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Volume XV Notes from the Editor

The December 2019 issue of Homeland Security Affairs features a research article proposing a new paradigm for dealing with transnational criminal organizations (TCOs), an essay reviewing an important new book on catastrophic hurricane response, a research article which provides a premortem analysis of the security threats posed by climate change, and an essay reviewing a

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Lines, Flows and Transnational Crime: Toward a Revised Approach to Countering the Underworld of Globalization

By Alan Bersin and Lars Karlsson Abstract This article proposes a “paradigm shift” in the means and methods of combating transnational criminal activity. It contends that global illicit flows, engineered by organized crime on a massive scale alongside lawful trade and travel, represent a principal challenge to public safety and civic order. It proposes further

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Book Review: Out of the Whirlwind; Supply and Demand After Hurricane Maria by Philip J. Palin

By Kristopher Thornburg Suggested Citation Thornburg, Kristopher. Review of Out of the Whirlwind: Supply and Demand After Hurricane Maria, by Philip Palin. Homeland Security Affairs 15, Article 7. www.hsaj.org/articles/15492 The 2017 hurricane season left wide swaths of destruction across parts of the southern United States. Puerto Rico was hit the hardest, beginning with a glancing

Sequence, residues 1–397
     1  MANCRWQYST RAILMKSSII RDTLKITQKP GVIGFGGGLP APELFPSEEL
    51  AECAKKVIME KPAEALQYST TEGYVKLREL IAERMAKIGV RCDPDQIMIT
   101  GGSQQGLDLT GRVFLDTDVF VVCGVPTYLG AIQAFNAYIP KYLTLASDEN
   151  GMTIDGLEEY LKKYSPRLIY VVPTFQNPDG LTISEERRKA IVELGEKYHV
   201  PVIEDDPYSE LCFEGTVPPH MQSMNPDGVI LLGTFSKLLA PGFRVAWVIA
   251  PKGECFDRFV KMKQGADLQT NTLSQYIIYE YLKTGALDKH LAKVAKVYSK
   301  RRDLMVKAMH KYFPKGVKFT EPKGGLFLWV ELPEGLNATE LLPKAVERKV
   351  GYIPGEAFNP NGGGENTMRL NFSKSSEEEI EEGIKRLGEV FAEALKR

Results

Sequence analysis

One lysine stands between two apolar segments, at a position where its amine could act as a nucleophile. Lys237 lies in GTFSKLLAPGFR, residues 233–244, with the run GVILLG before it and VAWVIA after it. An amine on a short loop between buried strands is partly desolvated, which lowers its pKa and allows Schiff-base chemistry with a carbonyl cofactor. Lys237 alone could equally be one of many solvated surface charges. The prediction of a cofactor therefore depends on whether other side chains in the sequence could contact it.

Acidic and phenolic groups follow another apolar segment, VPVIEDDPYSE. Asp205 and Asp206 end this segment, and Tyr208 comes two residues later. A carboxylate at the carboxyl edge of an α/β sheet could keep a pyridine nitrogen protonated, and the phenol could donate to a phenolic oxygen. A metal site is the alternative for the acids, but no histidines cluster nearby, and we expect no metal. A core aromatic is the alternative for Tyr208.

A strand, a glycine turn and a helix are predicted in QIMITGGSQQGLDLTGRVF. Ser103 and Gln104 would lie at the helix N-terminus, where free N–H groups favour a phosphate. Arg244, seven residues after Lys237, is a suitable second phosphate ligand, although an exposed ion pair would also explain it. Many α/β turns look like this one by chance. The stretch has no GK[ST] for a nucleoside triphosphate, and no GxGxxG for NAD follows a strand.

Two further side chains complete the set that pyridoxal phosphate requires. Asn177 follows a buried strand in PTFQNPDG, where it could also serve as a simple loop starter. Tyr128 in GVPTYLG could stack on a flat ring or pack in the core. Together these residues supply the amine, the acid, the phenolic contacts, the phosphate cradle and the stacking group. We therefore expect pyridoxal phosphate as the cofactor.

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Climate Security: A Pre-Mortem Approach to a Sustainable Global Future

By John Comiskey and Michael Larrañaga Abstract Climate change is a viable threat to U.S. homeland security and is likely the most significant risk facing humanity. A consensus of the scientific community concludes that climate change is occurring, is relatively irreversible, and that aggressive mitigation of climate-change drivers is necessary. Climate-change impacts include surface-air temperature

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Book Review: How to Think About Homeland Security: The Imperfect Intersection of National Security and Public Safety by David H. McIntyre

by Caleb S. Cage Suggested Citation Cage, Caleb. (2019) Review of How to Think about Homeland Security: The Imperfect Intersection of National Security and Public Safety by David H. McIntyre. Homeland Security Affairs 15, Article 9. https://www.hsaj.org/articles/15587. Since its relatively recent establishment, homeland security as an organizing concept for government services has received its share

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Capability Gaps Threatening CBP’s Present and Future Operations

By Thomas P.M. Barnett Abstract Thanks to an enduring burst of domestic populism, the United States is knee-deep in a tumultuous renegotiation of its superpower relationship with the world. Customs and Border Protection (CBP) faces two possible paths: transformation or trivialization. The agency either embraces the mission-creep demanded by this moment or surrenders responsibility to

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Book Review: Spying: Assessing US Domestic Intelligence Since 9/11 By Darren E. Tromblay